Ultimately, replace the struggle between teams with collaboration: let designers and developers think about the end user and their needs.

Refresh your Design Handoff techniques

Developers should get involved in the design as early as possible to identify potential problems with the code and make corrections. Keep Developer Handoff Documents clean and understandable for developer benefits. Describe where the files are stored, how to work with the guidelines, and be sure to leave contacts where developers can quickly contact for clarifications or give feedback.

Automate the process

Modern tools allow you to automate part of the designer’s work and spend less time on routine to do design. Creation of design systems, generation of grids and layouts, the use of flexible libraries of ready-made components, setting up the export of assets — all this should be used to the maximum.

In addition, the picture of the modern world is such that a designer with programming skills achieves better results in a shorter time frame. If you know and apply the code when creating a design, it will help developers to quickly translate their ideas into a finished product.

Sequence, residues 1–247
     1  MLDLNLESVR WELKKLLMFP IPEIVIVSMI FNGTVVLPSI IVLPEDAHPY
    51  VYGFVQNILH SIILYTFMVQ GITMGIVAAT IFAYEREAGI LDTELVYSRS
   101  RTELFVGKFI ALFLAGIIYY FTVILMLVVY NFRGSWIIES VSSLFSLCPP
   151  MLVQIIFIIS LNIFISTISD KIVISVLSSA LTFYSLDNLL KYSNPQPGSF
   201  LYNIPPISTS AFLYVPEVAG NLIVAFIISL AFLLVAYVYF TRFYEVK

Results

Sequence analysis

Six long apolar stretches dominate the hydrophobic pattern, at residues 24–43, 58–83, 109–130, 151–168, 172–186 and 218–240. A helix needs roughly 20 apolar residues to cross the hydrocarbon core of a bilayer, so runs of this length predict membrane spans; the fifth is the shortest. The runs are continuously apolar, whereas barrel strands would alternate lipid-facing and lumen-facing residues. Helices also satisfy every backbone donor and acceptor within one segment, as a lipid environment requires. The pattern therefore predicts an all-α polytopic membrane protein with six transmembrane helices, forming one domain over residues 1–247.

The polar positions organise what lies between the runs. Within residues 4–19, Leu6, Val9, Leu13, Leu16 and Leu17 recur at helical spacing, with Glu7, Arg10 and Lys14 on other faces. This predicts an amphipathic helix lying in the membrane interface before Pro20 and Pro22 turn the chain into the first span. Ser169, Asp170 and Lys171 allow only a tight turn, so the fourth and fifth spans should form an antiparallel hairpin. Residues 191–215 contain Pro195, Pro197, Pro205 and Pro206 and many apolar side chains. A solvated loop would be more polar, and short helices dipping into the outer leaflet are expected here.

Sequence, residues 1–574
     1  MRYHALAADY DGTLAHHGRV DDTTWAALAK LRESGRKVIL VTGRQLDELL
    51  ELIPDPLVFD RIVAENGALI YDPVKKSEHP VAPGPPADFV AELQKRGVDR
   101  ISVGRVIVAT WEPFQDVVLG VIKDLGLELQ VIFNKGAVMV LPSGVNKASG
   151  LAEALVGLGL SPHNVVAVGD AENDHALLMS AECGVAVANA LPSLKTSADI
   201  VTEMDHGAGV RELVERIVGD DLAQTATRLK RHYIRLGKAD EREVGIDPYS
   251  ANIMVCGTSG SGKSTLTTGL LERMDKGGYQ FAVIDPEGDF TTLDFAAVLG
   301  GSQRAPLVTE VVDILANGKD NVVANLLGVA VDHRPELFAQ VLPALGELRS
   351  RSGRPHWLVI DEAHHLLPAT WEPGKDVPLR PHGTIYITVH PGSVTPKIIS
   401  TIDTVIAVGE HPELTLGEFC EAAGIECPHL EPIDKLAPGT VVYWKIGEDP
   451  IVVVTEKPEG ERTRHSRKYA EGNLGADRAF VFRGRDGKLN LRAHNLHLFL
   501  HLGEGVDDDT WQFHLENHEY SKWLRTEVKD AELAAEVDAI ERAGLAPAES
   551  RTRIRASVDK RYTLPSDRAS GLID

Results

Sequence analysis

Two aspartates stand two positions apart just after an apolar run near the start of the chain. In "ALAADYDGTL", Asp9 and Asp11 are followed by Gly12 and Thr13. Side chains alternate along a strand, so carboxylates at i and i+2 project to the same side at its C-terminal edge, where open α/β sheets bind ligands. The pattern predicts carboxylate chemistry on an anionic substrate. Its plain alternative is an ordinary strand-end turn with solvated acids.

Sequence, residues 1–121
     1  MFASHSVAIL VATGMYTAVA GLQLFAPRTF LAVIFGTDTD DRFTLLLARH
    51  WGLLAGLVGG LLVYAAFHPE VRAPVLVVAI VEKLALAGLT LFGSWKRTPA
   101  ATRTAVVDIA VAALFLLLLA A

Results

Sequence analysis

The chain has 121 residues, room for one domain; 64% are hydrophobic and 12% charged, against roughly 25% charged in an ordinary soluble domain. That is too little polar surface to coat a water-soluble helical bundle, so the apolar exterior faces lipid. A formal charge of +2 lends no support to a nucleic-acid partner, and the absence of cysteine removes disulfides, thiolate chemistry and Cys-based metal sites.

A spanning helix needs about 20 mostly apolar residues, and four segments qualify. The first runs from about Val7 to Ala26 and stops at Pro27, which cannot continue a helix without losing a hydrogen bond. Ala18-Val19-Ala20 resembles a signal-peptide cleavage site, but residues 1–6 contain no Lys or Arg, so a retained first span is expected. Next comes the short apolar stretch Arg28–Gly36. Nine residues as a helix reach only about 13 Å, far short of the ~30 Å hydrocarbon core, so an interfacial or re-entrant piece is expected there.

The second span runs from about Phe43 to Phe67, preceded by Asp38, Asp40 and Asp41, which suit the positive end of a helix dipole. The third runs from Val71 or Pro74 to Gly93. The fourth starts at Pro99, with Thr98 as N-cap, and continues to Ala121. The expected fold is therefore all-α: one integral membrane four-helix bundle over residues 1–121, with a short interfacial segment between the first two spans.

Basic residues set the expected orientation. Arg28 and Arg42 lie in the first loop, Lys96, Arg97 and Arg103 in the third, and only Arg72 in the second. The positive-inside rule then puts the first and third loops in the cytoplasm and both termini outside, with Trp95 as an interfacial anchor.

Design Handoff Guide

Below we have collected ways to establish a Design Handoff process so that each team member works towards the same goal. We hope this helps, even if you don’t use all of them, but only one or two tips.

Mockups & Layers

When creating a design, use a naming system for screens in which the name of the screen describes its function (for example “Add to Cart”). Do not use version numbers in names, there are separate tools for design versioning (Plant, as a great example). Every screen, component, or style should be named the same by both the designer and the developer. Thus, designers and developers will have the same understanding of what parts the product consists of, how it will work and be able to speak the same language.

The logical structure of layouts will make it easier to understand the work of the designer